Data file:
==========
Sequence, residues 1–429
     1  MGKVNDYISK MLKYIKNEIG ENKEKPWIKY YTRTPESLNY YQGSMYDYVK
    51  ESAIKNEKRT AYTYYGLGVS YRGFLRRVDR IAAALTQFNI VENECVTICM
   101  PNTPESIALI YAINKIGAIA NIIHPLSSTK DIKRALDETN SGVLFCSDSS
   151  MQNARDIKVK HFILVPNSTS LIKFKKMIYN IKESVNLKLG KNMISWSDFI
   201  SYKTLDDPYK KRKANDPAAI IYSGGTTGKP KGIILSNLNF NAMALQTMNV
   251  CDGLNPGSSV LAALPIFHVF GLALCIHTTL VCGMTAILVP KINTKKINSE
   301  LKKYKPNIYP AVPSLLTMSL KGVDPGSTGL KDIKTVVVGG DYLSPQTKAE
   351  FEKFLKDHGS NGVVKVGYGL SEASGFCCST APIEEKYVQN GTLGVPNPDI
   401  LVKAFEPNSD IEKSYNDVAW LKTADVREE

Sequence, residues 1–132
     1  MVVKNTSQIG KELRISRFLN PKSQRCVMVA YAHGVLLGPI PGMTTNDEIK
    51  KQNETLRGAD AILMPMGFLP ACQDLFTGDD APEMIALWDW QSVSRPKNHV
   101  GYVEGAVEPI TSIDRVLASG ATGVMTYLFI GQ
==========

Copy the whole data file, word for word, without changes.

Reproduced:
Sequence, residues 1–429
     1  MGKVNDYISK MLKYIKNEIG ENKEKPWIKY YTRTPESLNY YQGSMYDYVK
    51  ESAIKNEKRT AYTYYGLGVS YRGFLRRVDR IAAALTQFNI VENECVTICM
   101  PNTPESIALI YAINKIGAIA NIIHPLSSTK DIKRALDETN SGVLFCSDSS
   151  MQNARDIKVK HFILVPNSTS LIKFKKMIYN IKESVNLKLG KNMISWSDFI
   201  SYKTLDDPYK KRKANDPAAI IYSGGTTGKP KGIILSNLNF NAMALQTMNV
   251  CDGLNPGSSV LAALPIFHVF GLALCIHTTL VCGMTAILVP KINTKKINSE
   301  LKKYKPNIYP AVPSLLTMSL KGVDPGSTGL KDIKTVVVGG DYLSPQTKAE
   351  FEKFLKDHGS NGVVKVGYGL SEASGFCCST APIEEKYVQN GTLGVPNPDI
   401  LVKAFEPNSD IEKSYNDVAW LKTADVREE

Sequence, residues 1–132
     1  MVVKNTSQIG KELRISRFLN PKSQRCVMVA YAHGVLLGPI PGMTTNDEIK
    51  KQNETLRGAD AILMPMGFLP ACQDLFTGDD APEMIALWDW QSVSRPKNHV
   101  GYVEGAVEPI TSIDRVLASG ATGVMTYLFI GQ